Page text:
As for the CO2 prediction, the best result within the designed three-day experiments using the FBG sensor for learned ANN SCG from 25 June 2018, in R203 (with Tin, rHin and the FBG sensor for PPM) and prediction with cross-validation for 26 June 2018, in R203, R204, R104 (with Tin, rHin and the FBG sensor for PPM), 27 June 2018, in R203, R204, R104 (with Tin, rHin and the FBG sensor for PPM), 28 June 2018, in R203, R204, R104 (with Tin, rHin and the FBG sensor for PPM) was detected for ANN SCG—number of neurons = 60 in room R203 (Figure 26 and Figure 27), (Table 5), where, on 26 June 2018, R = 92.81 (%), MSE = 0.40 × 10−2, and MAPE = 21.55 × 10−2. This is because ANN SCG learned for the data measured on 25 June 2018, in room R203 was used for CO2 prediction. By contrast, the worst calculated result was detected for ANN SCG in room R204 (Table 6), where R = 21.45 (%), MSE = 1.11 × 10−2, and MAPE = 20.39 × 10−2, for 10 ANN SCG neurons. This is because there was no FBG sensor in room R204 to detect the presence of persons.
Based on the graphs illustrated in Figure 32a–c and Figure 33a–c, it can be stated that one universal learned ANN SCG cannot be used for the most accurate calculation of CO2 prediction for all SH spaces. In our experiments, ANN SCG was learned for the data measured in room R203 on 25 June 2018. The calculated values of the verification parameters measured (R coefficient, MSE and MAPE) in Table 2 and Table 5 (Figure 19, Figure 20, Figure 26 and Figure 27) indicate that, in order to achieve the greatest accuracy of CO2 prediction, it is necessary that ANN SCG is always learned for a specific room, for a specific monitored space in the SH. The expectations related to the use of the FBG sensor to increase the accuracy of CO2 prediction by means of ANN SCG were not fulfilled in the above-mentioned experiments (Figure 32 and Figure 33). However, the use of the FBG sensor in the SH is very useful from the point of view of a robust and stable solution for recognizing the number of occupants in the monitored SH spaces or intelligent administrative buildings. The mathematical method with ANN SCG is not the most suitable for the devised CO2 prediction method. For greater accuracy, it is necessary to implement filter algorithms [28] to remove additive noise from the predicted CO2 concentration waveform. Based on the results achieved and described above, further experiments on CO2 prediction will be conducted using more precise mathematical methods [29,30,31,32,33,34,37,38,39] within the IoT platform [40].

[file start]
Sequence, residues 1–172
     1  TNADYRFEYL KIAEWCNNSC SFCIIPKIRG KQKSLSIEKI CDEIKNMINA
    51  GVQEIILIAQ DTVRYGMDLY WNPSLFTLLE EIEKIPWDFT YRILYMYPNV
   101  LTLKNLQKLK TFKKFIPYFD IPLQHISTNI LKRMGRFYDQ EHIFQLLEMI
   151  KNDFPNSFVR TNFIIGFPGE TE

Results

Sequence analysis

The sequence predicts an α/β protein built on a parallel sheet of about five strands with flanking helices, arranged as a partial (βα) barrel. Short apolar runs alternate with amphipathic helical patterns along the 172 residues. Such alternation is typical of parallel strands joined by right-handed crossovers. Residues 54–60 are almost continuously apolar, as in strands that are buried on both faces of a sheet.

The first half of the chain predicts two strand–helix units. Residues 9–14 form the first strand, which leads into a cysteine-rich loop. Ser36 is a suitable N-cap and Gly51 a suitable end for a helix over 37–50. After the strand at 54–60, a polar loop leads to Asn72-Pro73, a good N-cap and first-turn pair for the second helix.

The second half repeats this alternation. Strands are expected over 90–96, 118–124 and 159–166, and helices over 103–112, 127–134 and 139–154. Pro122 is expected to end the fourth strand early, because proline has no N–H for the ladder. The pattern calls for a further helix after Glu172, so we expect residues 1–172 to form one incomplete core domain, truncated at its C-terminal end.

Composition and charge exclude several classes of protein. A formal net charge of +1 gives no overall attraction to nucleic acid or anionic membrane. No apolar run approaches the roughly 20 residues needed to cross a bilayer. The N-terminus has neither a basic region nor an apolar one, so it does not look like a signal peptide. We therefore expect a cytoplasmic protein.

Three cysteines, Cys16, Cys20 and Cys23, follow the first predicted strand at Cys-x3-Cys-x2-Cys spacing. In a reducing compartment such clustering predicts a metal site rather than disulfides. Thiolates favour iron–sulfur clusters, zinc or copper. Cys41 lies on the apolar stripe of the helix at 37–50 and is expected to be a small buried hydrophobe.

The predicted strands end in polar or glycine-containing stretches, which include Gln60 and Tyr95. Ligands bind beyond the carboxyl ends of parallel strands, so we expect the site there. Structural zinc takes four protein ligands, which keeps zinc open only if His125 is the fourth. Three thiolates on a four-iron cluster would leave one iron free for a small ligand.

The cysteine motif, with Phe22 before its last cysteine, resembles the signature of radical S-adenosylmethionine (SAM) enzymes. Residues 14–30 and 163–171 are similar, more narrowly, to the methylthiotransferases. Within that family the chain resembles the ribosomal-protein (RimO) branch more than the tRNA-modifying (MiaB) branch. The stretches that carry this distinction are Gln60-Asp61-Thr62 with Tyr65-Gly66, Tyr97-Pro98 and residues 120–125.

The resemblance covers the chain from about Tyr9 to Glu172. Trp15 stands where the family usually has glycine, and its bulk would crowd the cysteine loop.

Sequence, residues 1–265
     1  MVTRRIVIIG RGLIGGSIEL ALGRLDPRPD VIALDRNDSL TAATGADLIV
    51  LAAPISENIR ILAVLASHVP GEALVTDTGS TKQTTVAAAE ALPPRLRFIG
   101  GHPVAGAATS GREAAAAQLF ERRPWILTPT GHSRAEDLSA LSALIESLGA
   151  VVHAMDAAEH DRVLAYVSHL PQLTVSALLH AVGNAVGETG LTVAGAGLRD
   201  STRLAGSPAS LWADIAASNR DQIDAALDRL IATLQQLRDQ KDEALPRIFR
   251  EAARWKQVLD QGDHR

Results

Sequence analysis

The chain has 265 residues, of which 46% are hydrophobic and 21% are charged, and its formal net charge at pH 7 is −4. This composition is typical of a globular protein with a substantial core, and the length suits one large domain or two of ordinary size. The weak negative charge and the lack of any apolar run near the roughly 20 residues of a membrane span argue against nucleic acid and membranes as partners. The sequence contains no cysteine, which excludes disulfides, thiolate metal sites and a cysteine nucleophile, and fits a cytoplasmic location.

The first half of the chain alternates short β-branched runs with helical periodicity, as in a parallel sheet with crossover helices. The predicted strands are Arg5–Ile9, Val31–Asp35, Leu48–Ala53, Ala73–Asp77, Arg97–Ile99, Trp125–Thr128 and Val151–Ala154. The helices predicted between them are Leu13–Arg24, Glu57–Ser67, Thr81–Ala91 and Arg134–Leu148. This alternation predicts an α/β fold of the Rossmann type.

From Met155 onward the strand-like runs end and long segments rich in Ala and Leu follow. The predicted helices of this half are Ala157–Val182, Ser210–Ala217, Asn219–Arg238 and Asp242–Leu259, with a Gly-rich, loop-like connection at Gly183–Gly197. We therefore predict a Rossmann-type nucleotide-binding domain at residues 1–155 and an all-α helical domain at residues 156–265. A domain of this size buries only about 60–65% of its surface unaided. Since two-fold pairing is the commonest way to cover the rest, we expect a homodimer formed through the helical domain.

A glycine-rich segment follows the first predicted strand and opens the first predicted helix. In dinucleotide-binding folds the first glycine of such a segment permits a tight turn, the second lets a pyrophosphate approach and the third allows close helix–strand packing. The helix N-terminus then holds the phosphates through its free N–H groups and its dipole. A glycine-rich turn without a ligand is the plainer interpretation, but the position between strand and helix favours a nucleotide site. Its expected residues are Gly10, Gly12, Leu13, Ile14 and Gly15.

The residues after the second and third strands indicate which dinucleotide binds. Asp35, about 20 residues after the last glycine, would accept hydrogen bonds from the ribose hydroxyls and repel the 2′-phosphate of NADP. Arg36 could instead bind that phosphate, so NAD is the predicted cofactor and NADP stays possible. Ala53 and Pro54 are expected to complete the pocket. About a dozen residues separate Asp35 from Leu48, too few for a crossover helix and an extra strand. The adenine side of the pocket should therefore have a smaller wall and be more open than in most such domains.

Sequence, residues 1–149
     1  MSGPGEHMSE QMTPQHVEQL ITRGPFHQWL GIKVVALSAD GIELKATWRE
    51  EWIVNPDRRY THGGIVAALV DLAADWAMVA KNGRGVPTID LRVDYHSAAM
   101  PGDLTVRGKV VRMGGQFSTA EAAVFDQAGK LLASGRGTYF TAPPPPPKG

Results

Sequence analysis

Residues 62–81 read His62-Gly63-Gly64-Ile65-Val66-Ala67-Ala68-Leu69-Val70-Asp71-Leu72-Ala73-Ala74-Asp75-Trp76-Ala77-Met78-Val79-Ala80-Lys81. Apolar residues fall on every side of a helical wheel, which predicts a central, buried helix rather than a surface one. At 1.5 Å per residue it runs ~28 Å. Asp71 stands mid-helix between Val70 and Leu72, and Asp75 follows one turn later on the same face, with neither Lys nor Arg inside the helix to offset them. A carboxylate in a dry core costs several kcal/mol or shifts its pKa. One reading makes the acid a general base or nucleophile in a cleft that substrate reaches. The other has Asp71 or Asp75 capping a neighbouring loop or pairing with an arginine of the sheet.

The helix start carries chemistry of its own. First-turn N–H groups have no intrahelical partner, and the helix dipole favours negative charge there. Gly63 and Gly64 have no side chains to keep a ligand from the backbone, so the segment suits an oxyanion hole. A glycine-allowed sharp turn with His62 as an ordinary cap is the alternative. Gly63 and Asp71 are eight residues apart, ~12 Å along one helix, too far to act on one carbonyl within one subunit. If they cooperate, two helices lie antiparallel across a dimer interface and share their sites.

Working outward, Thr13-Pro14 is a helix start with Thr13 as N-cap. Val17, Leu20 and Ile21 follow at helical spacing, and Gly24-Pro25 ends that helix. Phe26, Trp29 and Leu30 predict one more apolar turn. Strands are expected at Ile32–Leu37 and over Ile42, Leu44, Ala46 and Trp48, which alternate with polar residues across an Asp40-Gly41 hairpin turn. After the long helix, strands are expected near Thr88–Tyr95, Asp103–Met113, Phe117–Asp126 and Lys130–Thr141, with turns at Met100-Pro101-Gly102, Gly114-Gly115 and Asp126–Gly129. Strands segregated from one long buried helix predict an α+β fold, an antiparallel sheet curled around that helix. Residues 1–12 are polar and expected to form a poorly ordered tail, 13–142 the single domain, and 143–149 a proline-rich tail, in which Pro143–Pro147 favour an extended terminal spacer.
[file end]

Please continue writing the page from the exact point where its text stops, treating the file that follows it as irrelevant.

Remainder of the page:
4. Conclusions

In order to detect the occupancy of the individual SH spaces by indirect methods (without using cameras), common operational and technical sensors were used in the experiments conducted to measure the indoor temperature, the indoor relative humidity and the indoor CO2 concentration within the BACnet technology for HVAC control in the SH.
Based on the experiments conducted in rooms R104, R203 and R204, it is possible to unambiguously detect the suitability of the sensors used for measuring the CO2 concentration in order to detect the occupancy and the length of stay in the monitored SH space. Moreover, the CO2 sensors used in the technology that were exclusively for HVAC control in the SH can be used to detect the occupancy and the length of stay in the monitored spaces, which will make the required information more accurate.
From the perspective of cost reduction, a method for predicting the CO2 concentration waveform by means of ANN SCG from the indoor temperature and indoor relative humidity values measured were devised and verified for the space location of an occupant (in rooms R104, R203, and R204) in the SH with the highest possible accuracy. The ANN SCG mathematical method used does not achieve such accuracy compared to the methods used in [28,29,30] and [34,37,38,39,40]. For selected experiments, nevertheless, the correlation coefficient in this article was greater than 90%. An increase in the correlation coefficient value can be achieved by using filter methods for suppressing additive noise from the predicted CO2 concentration waveform [28]. In the experiments conducted, we verified that, for each monitored space in the SH, the ANN SCG should be learned so that the CO2 prediction was as accurate as possible.
The FBG sensor was used to unambiguously detect the number of occupants in the monitored space of room R104. The experiments confirmed the suitability of using FBG sensors for reasons of robustness, accuracy and high reliability in the detection of the number of occupants moving in the monitored SH or Intelligent Building space without the need to deploy cameras. The experiments did not confirm the assumption that the input value of the presence of occupants added from the FBG sensor to the ANN SCG will make the prediction of the CO2 concentration using the ANN SCG method more accurate.
The application of FBG sensors in a passive SH is described. These sensors are electrically passive, while allowing the evaluation of multiple quantities at the same time, and with suitable encapsulation of FBG, the sensor is immune to EMI (electromagnetic interference). Due to its small size and weight, implementation in an SH is both straightforward and cost-effective. Using a spectral approach, tens of FBG sensors can be evaluated using a single evaluation unit [21].